Jonathan Fryer

Writer, Lecturer, Broadcaster and Liberal Democrat Politician

Mark Allen’s Arabs

Posted by jonathanfryer on Sunday, 11th September, 2011

Mark Allen and I were contemporaries at Oxford University’s Oriental Institute, though he was studying Arabic (under the inimitable Freddie Beeston) while I was doing my first degree in Chinese and Japanese (under the aetherial David Hawkes). We were both refugees from our originally chosen subject; Classics in his case, Geography in mine. An interest in falconry and a career in the Foreign Office led Mark to spend a great deal of time in Arab lands, not least in the Arabian Peninsula (‘The Gulf’). Out of that was born his short book, Arabs (Continuum, 2006), which I suspect might be enjoying something of a comeback these days — at least from public libraries loans and sales via Amazon. In a bare 144 pages (including a useful short bibliography, though no index), he sets out various core concepts that are central to the Arab world and therefore essential for any outsider’s understanding of it: blood, religion, community, women, power, politics, modernity and language. I found the last main section particularly interesting and illuminating, as someone who gets by with Egyptian colloquial but blanches in the face of literary Arabic (especially when the soft vowels are omitted in written text). Freddie Beeston truthfully, but maybe unhelpfully, told Mark Allen that when learning Arabic, the first 25 years are the worst. Well, not many Westerners will even make the effort. But a short book like this, elegantly written, could be of use — though I suspect it will be enjoyed more by those who already have a certain degree of famliarity wih the Arab reality rather than those who are coming at it cold.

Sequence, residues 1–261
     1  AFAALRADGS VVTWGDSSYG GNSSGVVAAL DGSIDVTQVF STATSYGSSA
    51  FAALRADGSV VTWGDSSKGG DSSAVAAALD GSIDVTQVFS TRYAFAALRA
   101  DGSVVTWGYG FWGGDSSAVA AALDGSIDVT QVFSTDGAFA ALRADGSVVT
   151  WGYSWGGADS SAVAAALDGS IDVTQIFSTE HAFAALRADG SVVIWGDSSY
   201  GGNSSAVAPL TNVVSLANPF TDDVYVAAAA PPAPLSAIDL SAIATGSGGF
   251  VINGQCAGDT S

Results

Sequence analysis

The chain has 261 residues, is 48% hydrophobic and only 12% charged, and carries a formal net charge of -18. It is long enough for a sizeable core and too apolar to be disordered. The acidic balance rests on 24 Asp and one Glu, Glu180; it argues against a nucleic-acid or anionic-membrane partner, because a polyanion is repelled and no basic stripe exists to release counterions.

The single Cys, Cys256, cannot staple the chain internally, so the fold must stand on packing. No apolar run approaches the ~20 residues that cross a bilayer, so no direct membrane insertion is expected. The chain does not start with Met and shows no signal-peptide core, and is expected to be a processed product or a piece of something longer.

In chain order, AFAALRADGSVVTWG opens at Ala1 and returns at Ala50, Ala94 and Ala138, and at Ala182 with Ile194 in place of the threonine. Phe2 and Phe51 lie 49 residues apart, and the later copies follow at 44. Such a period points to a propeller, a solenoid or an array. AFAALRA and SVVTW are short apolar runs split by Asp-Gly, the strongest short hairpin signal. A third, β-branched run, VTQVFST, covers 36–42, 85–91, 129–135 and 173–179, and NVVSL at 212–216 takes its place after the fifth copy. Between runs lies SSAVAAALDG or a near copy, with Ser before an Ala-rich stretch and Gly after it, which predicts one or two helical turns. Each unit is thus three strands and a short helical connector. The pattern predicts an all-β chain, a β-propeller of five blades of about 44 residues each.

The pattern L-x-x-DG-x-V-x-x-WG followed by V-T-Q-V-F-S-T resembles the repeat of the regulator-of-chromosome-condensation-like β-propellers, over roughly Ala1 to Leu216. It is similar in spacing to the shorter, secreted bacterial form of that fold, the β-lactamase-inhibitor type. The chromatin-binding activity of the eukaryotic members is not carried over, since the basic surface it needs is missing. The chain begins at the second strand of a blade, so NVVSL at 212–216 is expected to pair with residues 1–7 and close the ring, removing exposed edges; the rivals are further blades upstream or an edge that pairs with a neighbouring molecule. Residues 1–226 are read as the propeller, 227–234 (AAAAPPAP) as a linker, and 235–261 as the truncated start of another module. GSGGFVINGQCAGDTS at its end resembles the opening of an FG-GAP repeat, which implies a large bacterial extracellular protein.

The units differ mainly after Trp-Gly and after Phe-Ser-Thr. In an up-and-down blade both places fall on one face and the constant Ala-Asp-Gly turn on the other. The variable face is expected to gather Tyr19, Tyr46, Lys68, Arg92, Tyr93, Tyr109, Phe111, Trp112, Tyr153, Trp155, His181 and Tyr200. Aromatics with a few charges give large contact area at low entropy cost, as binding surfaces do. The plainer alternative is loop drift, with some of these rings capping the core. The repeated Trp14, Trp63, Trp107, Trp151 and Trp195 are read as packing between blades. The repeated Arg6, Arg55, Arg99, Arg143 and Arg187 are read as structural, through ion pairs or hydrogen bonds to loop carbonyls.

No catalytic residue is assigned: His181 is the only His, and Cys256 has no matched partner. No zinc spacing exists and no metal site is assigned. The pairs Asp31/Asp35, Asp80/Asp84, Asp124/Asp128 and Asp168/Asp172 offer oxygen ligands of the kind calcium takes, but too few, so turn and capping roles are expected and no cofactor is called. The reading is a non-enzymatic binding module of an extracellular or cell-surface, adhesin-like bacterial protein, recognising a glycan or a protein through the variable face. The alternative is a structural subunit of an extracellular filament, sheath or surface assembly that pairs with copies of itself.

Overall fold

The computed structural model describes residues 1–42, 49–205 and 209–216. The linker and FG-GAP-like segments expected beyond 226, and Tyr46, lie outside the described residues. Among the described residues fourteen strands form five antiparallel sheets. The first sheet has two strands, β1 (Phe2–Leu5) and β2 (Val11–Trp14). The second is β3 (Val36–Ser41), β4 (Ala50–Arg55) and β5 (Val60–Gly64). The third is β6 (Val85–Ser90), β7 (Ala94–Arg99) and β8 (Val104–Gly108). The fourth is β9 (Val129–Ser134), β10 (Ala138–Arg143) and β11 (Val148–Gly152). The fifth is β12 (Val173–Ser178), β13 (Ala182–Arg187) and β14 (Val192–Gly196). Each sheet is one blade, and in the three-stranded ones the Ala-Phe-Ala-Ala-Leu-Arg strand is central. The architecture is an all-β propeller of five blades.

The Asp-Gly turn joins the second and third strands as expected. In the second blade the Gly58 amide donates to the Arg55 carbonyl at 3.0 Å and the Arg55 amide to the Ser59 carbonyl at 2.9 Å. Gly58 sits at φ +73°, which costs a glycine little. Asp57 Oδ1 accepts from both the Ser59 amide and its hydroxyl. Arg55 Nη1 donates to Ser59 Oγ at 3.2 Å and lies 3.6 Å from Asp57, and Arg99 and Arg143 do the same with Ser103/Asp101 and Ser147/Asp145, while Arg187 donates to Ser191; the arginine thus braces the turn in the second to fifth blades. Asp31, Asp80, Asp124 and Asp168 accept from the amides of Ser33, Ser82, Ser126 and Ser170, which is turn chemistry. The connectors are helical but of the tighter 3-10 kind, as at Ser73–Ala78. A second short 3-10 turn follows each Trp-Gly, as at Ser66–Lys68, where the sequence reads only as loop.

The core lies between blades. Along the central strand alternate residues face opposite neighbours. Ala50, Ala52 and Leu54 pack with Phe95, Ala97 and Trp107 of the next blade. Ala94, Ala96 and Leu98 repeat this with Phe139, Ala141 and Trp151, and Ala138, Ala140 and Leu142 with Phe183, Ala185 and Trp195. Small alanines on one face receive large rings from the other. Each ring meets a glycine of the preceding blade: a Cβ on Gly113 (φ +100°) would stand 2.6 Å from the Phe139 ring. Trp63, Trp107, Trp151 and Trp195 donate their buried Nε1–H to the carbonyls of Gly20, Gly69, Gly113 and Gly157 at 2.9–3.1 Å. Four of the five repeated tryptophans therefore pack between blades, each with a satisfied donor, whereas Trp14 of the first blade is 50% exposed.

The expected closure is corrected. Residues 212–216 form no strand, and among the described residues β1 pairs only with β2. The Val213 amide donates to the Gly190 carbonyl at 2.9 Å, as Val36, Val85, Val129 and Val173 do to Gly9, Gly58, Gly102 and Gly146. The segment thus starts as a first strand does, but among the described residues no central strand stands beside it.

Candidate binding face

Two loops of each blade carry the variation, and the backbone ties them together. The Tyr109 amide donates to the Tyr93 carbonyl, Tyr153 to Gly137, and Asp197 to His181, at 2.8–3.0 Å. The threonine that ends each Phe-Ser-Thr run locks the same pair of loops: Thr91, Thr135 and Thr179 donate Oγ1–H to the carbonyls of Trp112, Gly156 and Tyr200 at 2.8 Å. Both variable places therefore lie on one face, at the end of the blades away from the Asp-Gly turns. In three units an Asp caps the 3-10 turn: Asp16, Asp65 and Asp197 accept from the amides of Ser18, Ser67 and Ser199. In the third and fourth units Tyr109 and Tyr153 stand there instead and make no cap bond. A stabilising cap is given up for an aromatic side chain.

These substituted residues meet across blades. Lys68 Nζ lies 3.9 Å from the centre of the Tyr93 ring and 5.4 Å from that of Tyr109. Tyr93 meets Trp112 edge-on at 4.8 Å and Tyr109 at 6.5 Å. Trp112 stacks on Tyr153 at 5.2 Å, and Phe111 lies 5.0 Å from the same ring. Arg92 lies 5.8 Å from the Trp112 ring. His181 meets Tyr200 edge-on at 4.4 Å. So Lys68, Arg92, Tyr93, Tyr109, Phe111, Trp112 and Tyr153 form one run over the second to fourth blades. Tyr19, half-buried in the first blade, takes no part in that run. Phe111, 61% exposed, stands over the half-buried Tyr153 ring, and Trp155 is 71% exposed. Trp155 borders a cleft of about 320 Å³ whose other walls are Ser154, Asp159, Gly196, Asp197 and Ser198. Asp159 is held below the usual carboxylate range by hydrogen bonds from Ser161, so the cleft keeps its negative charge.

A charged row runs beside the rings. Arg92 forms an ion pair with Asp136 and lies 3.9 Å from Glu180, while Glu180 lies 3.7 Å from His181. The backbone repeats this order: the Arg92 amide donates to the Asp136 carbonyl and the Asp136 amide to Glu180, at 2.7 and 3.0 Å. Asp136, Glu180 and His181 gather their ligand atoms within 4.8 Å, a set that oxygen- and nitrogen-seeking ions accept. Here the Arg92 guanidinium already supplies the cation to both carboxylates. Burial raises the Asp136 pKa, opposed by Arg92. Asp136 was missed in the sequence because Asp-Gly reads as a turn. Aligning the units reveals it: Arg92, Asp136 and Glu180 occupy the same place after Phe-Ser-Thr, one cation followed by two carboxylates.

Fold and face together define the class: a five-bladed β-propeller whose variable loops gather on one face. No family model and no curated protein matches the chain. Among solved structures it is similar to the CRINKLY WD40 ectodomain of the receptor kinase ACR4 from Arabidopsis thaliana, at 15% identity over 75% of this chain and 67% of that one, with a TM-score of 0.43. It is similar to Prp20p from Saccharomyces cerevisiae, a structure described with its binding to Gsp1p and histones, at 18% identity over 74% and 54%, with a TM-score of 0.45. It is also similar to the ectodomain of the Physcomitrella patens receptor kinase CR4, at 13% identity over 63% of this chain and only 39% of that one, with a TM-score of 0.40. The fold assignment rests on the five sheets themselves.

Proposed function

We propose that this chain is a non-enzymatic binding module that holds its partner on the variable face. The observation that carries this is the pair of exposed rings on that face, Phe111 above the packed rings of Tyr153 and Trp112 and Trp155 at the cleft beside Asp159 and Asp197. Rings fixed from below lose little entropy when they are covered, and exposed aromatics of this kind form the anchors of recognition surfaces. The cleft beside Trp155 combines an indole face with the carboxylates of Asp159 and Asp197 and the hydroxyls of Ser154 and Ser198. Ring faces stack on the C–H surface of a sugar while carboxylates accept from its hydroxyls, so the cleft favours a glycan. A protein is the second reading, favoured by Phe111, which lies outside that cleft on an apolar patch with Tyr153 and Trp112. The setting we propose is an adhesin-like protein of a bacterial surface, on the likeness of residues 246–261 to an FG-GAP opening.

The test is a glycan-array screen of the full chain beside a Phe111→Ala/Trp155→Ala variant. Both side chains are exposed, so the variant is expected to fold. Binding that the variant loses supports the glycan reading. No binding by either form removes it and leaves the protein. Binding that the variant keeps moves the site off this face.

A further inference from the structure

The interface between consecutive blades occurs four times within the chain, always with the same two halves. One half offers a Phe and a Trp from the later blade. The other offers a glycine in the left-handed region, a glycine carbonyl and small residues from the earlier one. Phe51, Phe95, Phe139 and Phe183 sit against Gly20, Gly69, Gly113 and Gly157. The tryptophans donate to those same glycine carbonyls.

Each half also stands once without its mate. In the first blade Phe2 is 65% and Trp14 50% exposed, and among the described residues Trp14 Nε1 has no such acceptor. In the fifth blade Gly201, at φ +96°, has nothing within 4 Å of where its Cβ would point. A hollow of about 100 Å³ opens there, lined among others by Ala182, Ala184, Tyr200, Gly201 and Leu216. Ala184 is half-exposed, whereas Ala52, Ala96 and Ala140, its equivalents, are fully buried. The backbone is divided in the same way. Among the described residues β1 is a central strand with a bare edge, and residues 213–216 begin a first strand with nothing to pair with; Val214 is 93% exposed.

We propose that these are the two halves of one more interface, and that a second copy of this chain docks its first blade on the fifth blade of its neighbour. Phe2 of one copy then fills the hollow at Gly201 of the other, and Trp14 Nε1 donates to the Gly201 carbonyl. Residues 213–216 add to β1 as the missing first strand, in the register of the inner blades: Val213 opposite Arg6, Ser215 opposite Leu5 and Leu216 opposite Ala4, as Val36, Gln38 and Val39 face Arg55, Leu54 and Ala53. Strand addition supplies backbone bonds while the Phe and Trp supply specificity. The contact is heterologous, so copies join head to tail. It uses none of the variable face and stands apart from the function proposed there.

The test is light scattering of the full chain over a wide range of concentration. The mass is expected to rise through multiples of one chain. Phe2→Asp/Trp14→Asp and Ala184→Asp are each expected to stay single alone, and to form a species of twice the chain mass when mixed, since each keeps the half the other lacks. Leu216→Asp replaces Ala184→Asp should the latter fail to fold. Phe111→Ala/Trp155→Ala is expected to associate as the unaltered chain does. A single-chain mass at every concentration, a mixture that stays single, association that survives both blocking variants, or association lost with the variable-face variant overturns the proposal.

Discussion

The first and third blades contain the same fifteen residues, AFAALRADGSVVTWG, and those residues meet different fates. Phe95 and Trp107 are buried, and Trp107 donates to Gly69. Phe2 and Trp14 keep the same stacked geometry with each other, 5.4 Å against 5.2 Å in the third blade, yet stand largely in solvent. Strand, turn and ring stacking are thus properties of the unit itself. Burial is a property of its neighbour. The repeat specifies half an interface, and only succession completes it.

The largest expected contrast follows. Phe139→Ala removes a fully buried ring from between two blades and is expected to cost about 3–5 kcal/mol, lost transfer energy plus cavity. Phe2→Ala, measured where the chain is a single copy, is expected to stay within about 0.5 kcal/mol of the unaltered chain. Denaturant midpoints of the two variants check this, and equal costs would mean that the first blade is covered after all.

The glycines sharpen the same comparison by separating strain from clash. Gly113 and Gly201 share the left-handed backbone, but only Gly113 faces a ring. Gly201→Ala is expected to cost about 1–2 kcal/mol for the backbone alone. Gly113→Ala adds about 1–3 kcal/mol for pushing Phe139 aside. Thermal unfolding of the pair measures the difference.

One Response to “Mark Allen’s Arabs”

  1. Luis Vega said

    We are living in an age when racial, geographical and time (eras) differences are shortened by technology, especially the Internet. A new reality makes this type of book essential for anyone wanting to better understand the world we currently live in. It never ceases to amaze me how people from every corner of the globe learns, or wants to learn, about those living in far away lands. Time has come to learn from each other because we need each other.

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